Sir Walter Scott, born August 15, 1771
0 comment Thursday, October 2, 2014 |

Sir Walter Scott's most-often quoted words may be these:
Breathes there the man with soul so dead, who never to himself hath said, This is my own, my native land!'
He also wrote:
Teach your children poetry; it opens the mind, lends grace to wisdom and makes the heroic virtues hereditary.''
I think those are true words.
Sir Walter Scott, novelist and poet, had a wide-ranging influence as may be gathered from the links gathered on this site.
He was especially revered in the American South, as Carl N. Degler in Out of Our Past tells us:
Where the ideas of the nineteenth century were congenial to southern antebellum values, they spread extravagantly. Though the novels of a romantic like Sir Walter Scott were popular in North and South alike, it was in the latter that he became a literary idol. Upon his death, Richmond newspapers were edged in black. Only in the South were knightly joustings held in full pseudo-mediaeval armor and regalia. It was from Scott's books that Southerners lifted the word ''southron,'' which they self-consciously applied to themselves. The romantic picture of the organic, status society of the Middle Ages, which Scott dwelt on in several of his novels, seemed to shore up southern and conservative ideas on society and slavery. Hence, south of the Ohio, Scott found a welcome place denied to contemporaries like Dickens and Shelley, who mixed their romanticism with urban, humanitarian, and irreligious beliefs largely foreign to the South."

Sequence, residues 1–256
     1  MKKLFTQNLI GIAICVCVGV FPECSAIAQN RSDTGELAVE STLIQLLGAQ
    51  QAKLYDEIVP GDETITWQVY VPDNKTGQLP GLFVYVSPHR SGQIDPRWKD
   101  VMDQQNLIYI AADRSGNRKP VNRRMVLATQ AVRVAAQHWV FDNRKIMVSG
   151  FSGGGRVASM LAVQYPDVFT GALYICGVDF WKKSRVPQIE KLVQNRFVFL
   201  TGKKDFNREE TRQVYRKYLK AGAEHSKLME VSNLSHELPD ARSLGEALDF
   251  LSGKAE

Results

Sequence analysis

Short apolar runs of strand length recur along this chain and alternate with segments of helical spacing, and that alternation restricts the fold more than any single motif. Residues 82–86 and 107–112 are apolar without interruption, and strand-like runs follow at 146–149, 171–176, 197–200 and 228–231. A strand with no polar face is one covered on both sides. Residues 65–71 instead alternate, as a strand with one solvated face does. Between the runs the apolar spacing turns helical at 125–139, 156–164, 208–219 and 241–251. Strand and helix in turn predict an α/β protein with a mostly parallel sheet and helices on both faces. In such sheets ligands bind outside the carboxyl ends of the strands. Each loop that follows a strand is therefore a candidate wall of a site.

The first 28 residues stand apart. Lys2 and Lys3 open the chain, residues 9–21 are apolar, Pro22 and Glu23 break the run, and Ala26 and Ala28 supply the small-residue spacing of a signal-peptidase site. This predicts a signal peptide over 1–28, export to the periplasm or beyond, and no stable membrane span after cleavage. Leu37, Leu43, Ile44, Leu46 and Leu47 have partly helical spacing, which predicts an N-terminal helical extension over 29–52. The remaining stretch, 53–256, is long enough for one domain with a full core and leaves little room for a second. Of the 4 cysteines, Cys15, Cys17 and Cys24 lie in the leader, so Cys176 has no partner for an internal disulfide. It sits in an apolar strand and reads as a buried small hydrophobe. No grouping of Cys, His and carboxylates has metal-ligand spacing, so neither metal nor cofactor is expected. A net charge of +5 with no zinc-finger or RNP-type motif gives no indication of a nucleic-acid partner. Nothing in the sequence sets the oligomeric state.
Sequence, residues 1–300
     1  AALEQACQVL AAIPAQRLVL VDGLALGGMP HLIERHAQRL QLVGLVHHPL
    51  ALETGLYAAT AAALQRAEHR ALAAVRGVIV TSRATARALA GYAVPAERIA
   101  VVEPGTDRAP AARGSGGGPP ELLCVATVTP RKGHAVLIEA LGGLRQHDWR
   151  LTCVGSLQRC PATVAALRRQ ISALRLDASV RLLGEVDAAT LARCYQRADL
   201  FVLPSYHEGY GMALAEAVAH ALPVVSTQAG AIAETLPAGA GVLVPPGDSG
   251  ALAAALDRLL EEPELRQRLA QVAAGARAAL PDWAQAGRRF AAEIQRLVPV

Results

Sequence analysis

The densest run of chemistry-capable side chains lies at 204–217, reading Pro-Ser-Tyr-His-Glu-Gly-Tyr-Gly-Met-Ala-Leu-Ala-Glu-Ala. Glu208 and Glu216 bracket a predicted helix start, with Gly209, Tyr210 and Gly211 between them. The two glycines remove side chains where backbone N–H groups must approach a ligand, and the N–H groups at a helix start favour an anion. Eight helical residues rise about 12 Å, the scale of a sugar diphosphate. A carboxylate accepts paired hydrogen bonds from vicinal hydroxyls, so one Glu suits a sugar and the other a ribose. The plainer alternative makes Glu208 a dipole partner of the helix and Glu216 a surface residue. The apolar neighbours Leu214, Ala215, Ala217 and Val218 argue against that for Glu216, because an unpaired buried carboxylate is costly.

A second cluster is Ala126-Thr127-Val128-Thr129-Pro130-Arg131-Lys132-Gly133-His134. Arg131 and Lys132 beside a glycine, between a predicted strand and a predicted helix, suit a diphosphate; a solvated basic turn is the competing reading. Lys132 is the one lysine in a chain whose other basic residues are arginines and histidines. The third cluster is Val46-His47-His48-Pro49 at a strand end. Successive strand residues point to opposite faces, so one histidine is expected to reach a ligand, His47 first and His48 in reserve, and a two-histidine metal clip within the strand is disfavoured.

This is interesting; I had not been aware of the extent to which Scott was revered in the old South, nor that he was not as highly regarded in the North.
As to the word 'southron', I am not convinced that Scott was THE source for this term nor the use thereof in the South. It is an archaic term for Southern, used mainly in Scotland as I understand, and it was used by J.R.R. Tolkien in his writings. I suppose Tolkien may have picked it up likewise from Scott, but he was not the ultimate originator of it. I use the word, as do others, because it specifically refers to the people, history, and way of life of the American South, unlike the general word 'Southern'which simply designates a direction or a geographical region.
The Walter Scott Digital Archive contains a treasure trove of information about him, and links to his works.
Update: Please see the wonderful tribute to Scott at Cambria Will Not Yield.

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